BANGKOK — Government databases are being discussed online again since last night. This time, however, rather than leaking personal data or being breached by hackers they were being mocked by netizens for tables and charts showing statistics that simply didn’t make sense.
A 2015 statistics report conducted by the Ministry of Interior’s Information and Communications Technology Center was shared and mocked online Monday night. Netizens were bemused by the potentially false or flawed information, including income figures for households in Thailand that might make many Wall Street bankers look poor by comparison.
According to the figures in the since withdrawn government database, there were over nine billion households in southern Thailand in 2012 before the number dramatically drops to around 920,000 households in 2013 and falls again in 2014 to leave around 580,000 households.
Nearly 3,800 senior citizens in southern Thailand in 2013 skyrocketed to 330 million people in 2014, according to data that was seen on the website last night.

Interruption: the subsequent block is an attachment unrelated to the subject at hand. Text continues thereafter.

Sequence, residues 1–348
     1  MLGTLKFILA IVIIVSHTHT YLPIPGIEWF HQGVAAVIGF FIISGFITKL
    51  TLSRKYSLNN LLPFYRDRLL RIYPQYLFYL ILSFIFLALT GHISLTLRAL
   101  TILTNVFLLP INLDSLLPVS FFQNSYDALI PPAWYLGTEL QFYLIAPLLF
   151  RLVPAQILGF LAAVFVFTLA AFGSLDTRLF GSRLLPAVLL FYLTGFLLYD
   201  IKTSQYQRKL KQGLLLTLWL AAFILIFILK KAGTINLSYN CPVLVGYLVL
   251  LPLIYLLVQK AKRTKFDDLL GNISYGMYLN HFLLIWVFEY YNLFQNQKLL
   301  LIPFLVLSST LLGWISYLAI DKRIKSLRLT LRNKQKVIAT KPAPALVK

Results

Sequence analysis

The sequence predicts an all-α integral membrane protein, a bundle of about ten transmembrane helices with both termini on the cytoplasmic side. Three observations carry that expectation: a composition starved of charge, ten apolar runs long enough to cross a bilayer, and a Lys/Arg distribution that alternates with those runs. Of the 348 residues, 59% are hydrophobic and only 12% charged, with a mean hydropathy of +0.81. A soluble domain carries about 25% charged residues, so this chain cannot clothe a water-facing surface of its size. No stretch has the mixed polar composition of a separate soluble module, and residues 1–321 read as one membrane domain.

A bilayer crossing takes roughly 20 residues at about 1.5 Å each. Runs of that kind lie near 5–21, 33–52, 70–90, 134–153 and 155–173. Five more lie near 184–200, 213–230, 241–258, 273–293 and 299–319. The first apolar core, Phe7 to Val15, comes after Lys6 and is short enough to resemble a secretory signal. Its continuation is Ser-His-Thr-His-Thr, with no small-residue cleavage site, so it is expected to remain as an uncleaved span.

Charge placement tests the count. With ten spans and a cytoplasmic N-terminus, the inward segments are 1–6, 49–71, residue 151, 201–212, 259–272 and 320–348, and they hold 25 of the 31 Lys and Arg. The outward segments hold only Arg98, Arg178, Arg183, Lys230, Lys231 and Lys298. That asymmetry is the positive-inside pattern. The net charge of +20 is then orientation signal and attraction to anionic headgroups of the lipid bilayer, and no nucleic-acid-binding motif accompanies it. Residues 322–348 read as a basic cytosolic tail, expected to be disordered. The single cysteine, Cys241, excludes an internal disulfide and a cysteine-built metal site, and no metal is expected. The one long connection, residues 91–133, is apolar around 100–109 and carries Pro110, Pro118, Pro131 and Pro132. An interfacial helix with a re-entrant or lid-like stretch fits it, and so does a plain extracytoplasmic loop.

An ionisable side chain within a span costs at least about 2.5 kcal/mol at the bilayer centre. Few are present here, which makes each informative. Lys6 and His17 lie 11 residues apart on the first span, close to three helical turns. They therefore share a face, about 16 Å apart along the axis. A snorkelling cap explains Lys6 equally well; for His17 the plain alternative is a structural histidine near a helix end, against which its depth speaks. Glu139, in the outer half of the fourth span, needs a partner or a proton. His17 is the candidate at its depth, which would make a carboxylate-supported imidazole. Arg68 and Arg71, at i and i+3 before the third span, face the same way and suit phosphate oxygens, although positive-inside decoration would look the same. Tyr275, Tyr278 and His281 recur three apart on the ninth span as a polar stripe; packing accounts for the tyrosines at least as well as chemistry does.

Kalasin province, according to the since removed data, was the richest province in the country — with an average monthly income per household of over 24 million baht (USD685,000).
If true, this statistic would make households in Kalasin more than one thousand times richer than those in Luxembourg which has the highest median household income in the world.
According to a member of staff at the interior ministry, the director of the ICT Center was unavailable at the moment while attempts to reach the director of the ministry’s Monitoring and Evaluation Division were not returned.
The flawed data from 2015's third quarter report was shared online by Facebook user Ananda “Aof” Amataya on Monday. Aof, who works as a dentist, said that he was looking for data on household income for his research, but he did not trust the numbers in the data.
“At first I thought the decimal point was just in the wrong place. But later I realized that the numbers in the data were just scattered all over the place,” Aof told Khaosod English on Tuesday afternoon.
The section of the government homepage that contained the report is currently blank, except for a message from the ministry, “[We] apologize, statistical information is now being examined.”
Table on top ten provinces with the highest average monthly income per household per in 2014 on page 142.
Table on number of households in different regions of Thailand on page 135
Table and chart on senior people in different parts of the country on page 120